We very much appreciate the thoughtful reviews of our paper by Drs. Hoel, Moolgavkar, Portier and Ye. The only point we wish to re-emphasize is in regard to our motivation in developing quantitative simulation models for dioxin and other liver tumor promoters. Our approach was to allow the broad base of biological data to guide development of a comprehensive hypothesis for dioxin's mode of action and then to develop quantitative simulation models to test for model plausibility and to estimate values of critical parameters. We were also especially interested in directly linking regional measures of tissue dose (or regional measures of hepatocyte response) with promotional potency.
The negative selection hypothesis for tumor promotion coupled with the extensive work on mitoinhibition during treatment with multiple promoters caused us to focus on functional differences that might exist in foci from control animals and from promoter treated animals. These considerations formed the biological basis of our two-cell hypothesis. With phenobarbital, the purported role of TGF-ß and the mannose-6-phosphate receptor in the mitoinhibition and promotion provided a sound basis for suggesting general differences in clones in treated versus control rats. However with dioxin, the growth stimulatory and mitosuppressant factors are not known. At this point, the work required to assess whether a two-cell model is really needed for dioxin is not computational, it is experimental. Do clones in control and dioxin treated animals have differences in phenotype related to differential growth advantages? Are there mitosuppressant growth factors or growth factor receptors absent form dioxin treated foci and present in foci from the control animals? One candidate protein factor for further study with dioxin might be tumor necrosis factor- (TNF-). A role TNF- in dioxin toxicity was first proposed by scientists the National Institute of Environmental Health Sciences in the 1980's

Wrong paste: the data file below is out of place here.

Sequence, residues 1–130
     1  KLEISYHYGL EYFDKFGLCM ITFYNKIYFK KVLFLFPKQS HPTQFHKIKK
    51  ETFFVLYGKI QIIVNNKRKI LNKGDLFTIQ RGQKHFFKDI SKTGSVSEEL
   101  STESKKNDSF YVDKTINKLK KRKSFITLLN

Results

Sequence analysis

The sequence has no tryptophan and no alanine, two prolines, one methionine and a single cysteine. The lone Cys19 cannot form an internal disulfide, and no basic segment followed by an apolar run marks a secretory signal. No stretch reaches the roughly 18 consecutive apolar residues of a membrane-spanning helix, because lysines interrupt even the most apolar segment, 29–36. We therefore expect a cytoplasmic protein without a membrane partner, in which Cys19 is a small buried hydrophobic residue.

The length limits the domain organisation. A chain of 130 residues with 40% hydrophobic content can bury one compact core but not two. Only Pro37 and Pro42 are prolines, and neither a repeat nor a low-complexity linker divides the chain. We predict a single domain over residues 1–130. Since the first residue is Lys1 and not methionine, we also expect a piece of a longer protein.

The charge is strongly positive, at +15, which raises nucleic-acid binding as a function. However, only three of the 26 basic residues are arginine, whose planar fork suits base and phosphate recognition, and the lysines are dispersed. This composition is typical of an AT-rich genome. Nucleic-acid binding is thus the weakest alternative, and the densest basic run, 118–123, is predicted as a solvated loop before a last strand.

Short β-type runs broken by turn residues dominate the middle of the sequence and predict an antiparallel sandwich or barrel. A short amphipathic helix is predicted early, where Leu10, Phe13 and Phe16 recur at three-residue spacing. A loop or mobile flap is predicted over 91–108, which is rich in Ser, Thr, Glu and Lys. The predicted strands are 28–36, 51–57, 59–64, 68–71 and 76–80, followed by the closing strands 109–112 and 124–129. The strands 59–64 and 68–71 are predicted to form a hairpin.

Ultimately, our main interest is in the mode of
action of tumor promotion, including linkages between
tissue dose and tissue responses throughout the liver and
the impact of these tissue responses on cell growth
characteristics of normal and initiated hepatocytes. The
quantitative models discussed in our perspective are
critical components of hypothesis formulation,
hypothesis clarification and hypothesis testing. As the mode
of action of these promoters is clarified by further
experimentation and by development of refined
simulation models, it will become apparent whether the
U-shaped curves are real and whether they should directly
influence risk assessments for these promoters.